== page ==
The Book of Eli, Denzel Washington

David Lee/Warner Bros. Pictures

Review in a Hurry: Remember how, when you were watching The Road, you thought to yourself, "This needs more kung fu and Jesus"? God, and the Hughes brothers, heard your prayers. Denzel Washington is superbadass as a lone righteous dude carrying the last Bible across postnuke America, but the movie ultimately runs out of gas quicker than the rusty cars driven by the bad guys.

The Bigger Picture: Considering that The Book of Eli combines the postapocalyptic milieu of a Mad Max flick with the brutal violence and gospel message of The Passion of the Christ, it's easy to imagine that it might become Mel Gibson's favorite movie of the year. Will it be yours? That may depend upon how much you're willing to believe (in all senses of the word).

Washington plays a man initially known only as Walker, though eventually (nonspoiler spoiler, since it's in the friggin' title) revealed to be named Eli. He walks alone across a barren and overheated landscape, occasionally killing hairless cats for food, cleaning himself with KFC moist wipes (best product placement ever!), listening to the last iPod on Earth and reading a leather-bound copy of the Bible, which we are told is unique because all others were destroyed after the nuclear war survivors blamed it all on religion.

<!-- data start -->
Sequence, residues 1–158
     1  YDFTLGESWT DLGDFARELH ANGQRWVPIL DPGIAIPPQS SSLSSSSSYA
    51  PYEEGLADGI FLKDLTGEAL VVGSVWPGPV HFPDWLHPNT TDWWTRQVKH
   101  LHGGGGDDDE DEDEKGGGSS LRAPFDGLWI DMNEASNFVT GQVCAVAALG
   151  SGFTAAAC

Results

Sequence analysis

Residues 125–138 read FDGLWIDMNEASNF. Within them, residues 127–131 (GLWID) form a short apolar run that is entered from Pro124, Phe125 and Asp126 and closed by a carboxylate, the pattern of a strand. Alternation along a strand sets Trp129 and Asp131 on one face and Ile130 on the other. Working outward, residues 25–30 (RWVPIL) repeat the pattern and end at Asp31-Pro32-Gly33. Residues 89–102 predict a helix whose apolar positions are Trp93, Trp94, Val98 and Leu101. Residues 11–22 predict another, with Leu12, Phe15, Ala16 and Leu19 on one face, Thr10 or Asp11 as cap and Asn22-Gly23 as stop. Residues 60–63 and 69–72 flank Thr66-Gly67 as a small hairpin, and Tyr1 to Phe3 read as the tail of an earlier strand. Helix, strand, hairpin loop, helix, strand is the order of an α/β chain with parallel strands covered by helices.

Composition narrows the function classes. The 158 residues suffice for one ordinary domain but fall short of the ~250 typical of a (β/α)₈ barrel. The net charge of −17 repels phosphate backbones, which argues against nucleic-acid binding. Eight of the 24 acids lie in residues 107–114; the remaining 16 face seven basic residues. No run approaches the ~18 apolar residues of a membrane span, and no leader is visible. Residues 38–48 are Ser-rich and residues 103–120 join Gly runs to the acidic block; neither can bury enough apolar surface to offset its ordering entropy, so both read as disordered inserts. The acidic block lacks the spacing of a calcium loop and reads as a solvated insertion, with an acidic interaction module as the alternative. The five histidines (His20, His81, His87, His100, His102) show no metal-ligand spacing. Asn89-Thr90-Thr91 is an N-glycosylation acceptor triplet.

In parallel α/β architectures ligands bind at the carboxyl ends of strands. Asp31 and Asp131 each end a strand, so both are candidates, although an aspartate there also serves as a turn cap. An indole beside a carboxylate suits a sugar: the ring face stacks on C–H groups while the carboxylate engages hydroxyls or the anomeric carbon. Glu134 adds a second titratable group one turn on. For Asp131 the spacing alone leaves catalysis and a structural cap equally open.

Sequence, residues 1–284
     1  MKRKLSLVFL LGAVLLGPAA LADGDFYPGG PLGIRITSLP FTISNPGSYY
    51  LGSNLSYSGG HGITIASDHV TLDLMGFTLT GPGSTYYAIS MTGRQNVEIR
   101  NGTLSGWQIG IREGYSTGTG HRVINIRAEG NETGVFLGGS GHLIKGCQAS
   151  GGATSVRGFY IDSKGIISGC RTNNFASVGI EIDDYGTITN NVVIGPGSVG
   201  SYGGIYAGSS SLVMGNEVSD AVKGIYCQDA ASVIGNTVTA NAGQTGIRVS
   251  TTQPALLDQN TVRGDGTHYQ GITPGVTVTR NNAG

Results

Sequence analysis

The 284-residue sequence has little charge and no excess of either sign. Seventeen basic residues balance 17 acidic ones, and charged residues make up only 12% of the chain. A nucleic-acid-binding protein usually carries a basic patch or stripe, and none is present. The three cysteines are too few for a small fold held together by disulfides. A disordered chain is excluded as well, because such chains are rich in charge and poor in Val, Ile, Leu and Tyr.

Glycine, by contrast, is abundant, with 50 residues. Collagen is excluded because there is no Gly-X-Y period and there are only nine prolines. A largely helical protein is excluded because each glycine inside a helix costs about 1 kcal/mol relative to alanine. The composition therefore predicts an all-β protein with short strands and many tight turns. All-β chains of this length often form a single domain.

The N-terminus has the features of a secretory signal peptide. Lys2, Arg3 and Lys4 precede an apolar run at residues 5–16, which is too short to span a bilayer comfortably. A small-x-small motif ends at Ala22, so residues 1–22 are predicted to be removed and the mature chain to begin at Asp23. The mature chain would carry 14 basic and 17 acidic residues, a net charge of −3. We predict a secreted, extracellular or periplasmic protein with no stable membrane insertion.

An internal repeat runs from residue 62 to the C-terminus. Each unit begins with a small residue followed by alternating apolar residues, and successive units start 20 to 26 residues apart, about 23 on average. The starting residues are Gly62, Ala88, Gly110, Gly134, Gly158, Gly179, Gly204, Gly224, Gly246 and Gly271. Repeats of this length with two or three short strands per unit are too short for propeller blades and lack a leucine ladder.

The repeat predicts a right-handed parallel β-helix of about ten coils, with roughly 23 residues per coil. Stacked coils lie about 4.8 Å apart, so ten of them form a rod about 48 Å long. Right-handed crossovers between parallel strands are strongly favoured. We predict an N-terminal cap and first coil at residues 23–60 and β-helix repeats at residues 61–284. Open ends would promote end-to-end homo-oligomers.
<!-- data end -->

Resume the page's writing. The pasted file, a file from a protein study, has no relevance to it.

He's headed for the coast, basically because he believes God told him to go there.

But standing between him and the ocean is a small town run by Carnegie (Gary Oldman) who, as bad luck would have it, has been sending out biker minions to comb the wastelands for a Bible of his own, believing that merely by quoting it he can better subjugate the people. When Eli won't share, well, much lopping off of limbs ensues. Washington learned all his own choreography, and it looks awesomely brutal.

The Hughes brothers have always had a penchant for the horrific, whether it be in the 'hood (Menace II Society), Vietnam (Dead Presidents) or Victorian England (From Hell), and it's where they're most comfortable here, beginning with the truly jarring opening scene and continuing through various scenes of decay that manage to be unsettling despite their somewhat fantastical nature.

Unfortunately, they haven't come up with a worthy payoff. There's a certain point at which Eli simply becomes too indestructible to be credible, and unless you can buy the implication that he's under divine protection from an interventionist God, the rest just doesn't hold much interest.

Perhaps if you are looking for a faith-based actioner, that may be precisely what's called for. Those hoping for a bigger bang to their payoff, however, will be let down. The first two-thirds of the movie would earn an A, but your mileage may vary on the rest.

The 180—a Second Opinion: Be forewarned that the Hughes brothers don't shy away from violence against women. Even though the story overall has a positive message, the brutal moments of rape and attempted rape may not be your idea of a good time at the movies.


There's so much else to see, too—have a look in our Totally New Releases gallery!

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